In this article, we will explore database backup validation by with SQL restore database operations using DBATools.
DBA should regularly conduct database restore drills for production database backups. We might face a situation where we need to restore the database from previous backups, but it fails because the backup file is corrupt. To avoid that type of situation, we should restore databases and perform consistency check using the DBCC CHECKDB command.
If you are managing a large production environment, it is challenging to conduct restoration drills for each database. You can write custom scripts to do this task, but again it will require expertise in writing t-SQL queries.
Test-DbaLastBackup function in DBATools
In my previous article, SQL Restore Database using DBATools, we explored the open source PowerShell module DBATools for database backup and restoration. We can perform disaster recovery drills using the Test-DbaLastBackup command of DBATools in PowerShell. In this article, we will explore Test-DbaLastBackup and its usage for SQL restore database drills.
In the following screenshot, you can see all commands related to backups in DBATools.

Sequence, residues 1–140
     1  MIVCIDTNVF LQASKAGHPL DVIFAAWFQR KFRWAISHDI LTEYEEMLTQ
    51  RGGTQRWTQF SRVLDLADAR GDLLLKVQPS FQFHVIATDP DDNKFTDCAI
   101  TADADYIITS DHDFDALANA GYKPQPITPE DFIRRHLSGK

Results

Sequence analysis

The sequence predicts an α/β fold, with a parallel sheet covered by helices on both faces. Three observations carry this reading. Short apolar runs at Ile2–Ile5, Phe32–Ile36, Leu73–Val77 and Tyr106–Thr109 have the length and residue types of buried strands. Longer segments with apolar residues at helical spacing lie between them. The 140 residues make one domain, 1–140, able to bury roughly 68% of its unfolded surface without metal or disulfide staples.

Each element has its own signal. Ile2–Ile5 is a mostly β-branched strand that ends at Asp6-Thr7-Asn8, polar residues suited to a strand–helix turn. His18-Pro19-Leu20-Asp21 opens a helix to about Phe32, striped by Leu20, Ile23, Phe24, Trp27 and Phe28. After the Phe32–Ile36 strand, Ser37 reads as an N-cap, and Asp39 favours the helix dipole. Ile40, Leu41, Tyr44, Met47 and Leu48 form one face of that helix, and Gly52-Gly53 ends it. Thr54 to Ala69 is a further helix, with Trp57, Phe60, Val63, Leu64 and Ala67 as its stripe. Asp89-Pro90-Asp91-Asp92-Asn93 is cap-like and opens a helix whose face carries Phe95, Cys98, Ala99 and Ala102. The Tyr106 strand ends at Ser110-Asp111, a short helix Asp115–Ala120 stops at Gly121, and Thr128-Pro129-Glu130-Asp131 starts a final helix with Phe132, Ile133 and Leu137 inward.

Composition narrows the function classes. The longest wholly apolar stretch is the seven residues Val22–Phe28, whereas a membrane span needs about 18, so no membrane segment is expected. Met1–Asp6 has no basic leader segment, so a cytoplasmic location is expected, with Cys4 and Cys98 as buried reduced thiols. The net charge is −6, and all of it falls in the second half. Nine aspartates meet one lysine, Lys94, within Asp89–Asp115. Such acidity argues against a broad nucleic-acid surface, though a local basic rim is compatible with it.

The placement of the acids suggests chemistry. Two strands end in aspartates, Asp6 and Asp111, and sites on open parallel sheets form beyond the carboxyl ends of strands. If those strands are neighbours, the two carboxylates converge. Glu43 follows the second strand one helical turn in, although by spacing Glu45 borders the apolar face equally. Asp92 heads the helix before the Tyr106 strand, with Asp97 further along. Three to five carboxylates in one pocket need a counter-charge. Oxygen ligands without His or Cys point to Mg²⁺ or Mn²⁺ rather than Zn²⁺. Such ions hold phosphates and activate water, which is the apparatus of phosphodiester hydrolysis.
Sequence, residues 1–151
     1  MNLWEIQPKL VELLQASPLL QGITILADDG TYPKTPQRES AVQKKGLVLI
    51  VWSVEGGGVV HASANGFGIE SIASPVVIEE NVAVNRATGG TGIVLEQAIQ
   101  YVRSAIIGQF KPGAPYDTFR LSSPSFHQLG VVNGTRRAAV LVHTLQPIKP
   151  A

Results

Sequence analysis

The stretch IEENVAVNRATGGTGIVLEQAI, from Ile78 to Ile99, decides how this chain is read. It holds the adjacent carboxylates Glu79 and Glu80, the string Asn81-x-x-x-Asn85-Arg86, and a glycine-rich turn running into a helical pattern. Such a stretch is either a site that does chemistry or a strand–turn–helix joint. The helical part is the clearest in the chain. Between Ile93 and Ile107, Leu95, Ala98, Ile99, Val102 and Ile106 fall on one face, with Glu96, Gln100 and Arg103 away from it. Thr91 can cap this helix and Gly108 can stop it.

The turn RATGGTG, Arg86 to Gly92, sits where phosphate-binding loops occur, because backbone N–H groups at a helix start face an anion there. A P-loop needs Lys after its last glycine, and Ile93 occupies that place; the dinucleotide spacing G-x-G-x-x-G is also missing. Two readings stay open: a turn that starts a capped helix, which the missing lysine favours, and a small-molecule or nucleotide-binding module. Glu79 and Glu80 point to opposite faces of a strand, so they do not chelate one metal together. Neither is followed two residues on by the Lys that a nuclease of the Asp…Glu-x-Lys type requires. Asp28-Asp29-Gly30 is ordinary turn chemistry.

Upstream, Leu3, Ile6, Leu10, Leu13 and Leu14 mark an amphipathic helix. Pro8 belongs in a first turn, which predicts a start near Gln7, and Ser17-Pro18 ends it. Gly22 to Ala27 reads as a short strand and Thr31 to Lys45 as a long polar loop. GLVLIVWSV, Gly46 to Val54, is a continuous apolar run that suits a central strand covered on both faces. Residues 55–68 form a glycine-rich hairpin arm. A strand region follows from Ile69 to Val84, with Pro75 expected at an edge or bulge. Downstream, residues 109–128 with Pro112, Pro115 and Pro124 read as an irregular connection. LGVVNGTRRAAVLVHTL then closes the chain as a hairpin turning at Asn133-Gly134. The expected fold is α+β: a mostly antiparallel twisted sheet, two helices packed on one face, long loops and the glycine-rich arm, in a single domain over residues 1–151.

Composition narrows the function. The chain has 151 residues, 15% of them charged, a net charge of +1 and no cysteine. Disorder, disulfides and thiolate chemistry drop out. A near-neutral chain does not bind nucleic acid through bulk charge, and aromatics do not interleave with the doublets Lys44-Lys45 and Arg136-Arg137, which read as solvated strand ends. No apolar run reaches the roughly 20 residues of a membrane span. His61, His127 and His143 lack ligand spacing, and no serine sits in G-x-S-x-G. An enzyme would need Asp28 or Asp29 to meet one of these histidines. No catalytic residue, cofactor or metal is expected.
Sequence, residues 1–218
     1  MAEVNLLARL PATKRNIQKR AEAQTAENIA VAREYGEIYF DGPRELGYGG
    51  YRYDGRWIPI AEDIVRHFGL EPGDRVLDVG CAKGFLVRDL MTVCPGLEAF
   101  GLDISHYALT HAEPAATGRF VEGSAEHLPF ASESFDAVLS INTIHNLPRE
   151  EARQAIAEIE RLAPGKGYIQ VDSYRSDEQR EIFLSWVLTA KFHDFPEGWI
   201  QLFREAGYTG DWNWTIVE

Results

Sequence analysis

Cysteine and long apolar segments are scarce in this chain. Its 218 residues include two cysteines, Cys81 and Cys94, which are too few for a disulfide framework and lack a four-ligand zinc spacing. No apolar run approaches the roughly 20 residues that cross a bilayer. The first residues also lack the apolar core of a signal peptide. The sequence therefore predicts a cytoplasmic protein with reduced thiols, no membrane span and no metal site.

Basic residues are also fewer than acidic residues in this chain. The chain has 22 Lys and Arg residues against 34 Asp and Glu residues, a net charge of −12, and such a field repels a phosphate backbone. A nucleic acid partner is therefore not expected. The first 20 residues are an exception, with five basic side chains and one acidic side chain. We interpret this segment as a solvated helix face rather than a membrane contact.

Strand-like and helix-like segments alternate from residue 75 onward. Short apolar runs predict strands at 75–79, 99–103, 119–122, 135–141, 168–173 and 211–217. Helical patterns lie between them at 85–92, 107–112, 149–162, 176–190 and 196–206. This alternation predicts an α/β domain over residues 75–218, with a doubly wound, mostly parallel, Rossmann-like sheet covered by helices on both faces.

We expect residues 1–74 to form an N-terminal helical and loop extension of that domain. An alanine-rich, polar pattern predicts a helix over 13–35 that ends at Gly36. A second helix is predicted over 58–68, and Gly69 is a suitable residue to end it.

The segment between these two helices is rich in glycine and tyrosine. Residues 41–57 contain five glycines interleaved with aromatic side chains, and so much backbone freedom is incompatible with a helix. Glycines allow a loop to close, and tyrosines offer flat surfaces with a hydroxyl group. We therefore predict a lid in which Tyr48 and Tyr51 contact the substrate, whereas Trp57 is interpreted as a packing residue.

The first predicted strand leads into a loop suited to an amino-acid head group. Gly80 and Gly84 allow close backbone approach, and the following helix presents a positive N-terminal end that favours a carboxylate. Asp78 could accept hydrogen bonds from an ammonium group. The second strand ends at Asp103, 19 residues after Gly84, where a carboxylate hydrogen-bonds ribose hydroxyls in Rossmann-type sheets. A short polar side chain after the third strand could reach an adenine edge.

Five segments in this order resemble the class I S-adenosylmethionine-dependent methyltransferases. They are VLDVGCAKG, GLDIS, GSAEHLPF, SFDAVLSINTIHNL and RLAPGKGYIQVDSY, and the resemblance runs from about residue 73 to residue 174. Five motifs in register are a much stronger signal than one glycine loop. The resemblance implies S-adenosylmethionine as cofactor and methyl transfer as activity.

We can get more information about Test-DbaLastBackup using the Get-help command.
We can test the last set of full backups in a SQL instance using the Test-DbaLastBackup command.
It performs the following steps
- It gathers last full backup information for the specified database. If we do not specify a particular database, it gathers information for all databases
- It restores the last full backup of a database with a new name in specified server. If we do not specify any instance, it restores database SQL Server on source instance. By default, the new database name is in the format of dbatools-testrestore-$databaseName. We can specify a custom database name as well
- It also renames the logical and physical file of a new database. It ensures no conflict with database filenames
- It performs DBCC CHECKTABLE to Checks the integrity of all the pages and structures for all tables in a new database
- In the last step, it drops the newly restored database
Example 1: Execute Test-DbaLastBackup command for all databases in SQL instance
In this example, we want to perform a SQL restore database operation on the same instance. We need to specify the SQL instance name in parameter -SqlServer. In the following query, we will use Out-GridView format to get a user-friendly output.
>-SqlServer Kashish\SQL2019CTP | Out-GridView
- Note: We should have sufficient free space in the drive. I would recommend the SQL restore database operation on a different instance for validation purpose.
Once you execute this command, it shows database restoration stats, and you can see the percentage competition status as well.